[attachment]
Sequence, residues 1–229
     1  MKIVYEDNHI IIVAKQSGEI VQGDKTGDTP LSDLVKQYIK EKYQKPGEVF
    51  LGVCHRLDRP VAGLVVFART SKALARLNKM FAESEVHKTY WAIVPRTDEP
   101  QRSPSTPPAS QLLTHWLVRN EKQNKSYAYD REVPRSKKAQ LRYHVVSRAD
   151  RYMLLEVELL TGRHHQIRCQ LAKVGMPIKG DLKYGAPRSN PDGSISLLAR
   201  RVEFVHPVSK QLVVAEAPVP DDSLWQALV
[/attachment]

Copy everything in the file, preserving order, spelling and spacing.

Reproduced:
Sequence, residues 1–229
     1  MKIVYEDNHI IIVAKQSGEI VQGDKTGDTP LSDLVKQYIK EKYQKPGEVF
    51  LGVCHRLDRP VAGLVVFART SKALARLNKM FAESEVHKTY WAIVPRTDEP
   101  QRSPSTPPAS QLLTHWLVRN EKQNKSYAYD REVPRSKKAQ LRYHVVSRAD
   151  RYMLLEVELL TGRHHQIRCQ LAKVGMPIKG DLKYGAPRSN PDGSISLLAR
   201  RVEFVHPVSK QLVVAEAPVP DDSLWQALV